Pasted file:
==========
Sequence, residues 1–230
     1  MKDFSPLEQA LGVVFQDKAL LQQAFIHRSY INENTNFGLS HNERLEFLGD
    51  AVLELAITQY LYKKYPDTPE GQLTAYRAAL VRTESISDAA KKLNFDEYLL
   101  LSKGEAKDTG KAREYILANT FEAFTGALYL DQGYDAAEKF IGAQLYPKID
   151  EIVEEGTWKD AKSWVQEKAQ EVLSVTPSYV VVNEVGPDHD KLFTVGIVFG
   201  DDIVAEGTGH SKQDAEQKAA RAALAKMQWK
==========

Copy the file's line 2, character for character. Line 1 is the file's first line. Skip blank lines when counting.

     1  MKDFSPLEQA LGVVFQDKAL LQQAFIHRSY INENTNFGLS HNERLEFLGD